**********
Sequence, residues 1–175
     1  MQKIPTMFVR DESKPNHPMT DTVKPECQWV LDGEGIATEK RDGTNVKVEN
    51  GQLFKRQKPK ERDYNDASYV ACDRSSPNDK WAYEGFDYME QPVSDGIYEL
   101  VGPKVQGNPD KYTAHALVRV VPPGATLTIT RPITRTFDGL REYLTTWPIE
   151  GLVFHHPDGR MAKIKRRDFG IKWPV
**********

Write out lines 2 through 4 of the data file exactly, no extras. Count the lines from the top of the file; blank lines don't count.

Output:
     1  MQKIPTMFVR DESKPNHPMT DTVKPECQWV LDGEGIATEK RDGTNVKVEN
    51  GQLFKRQKPK ERDYNDASYV ACDRSSPNDK WAYEGFDYME QPVSDGIYEL
   101  VGPKVQGNPD KYTAHALVRV VPPGATLTIT RPITRTFDGL REYLTTWPIE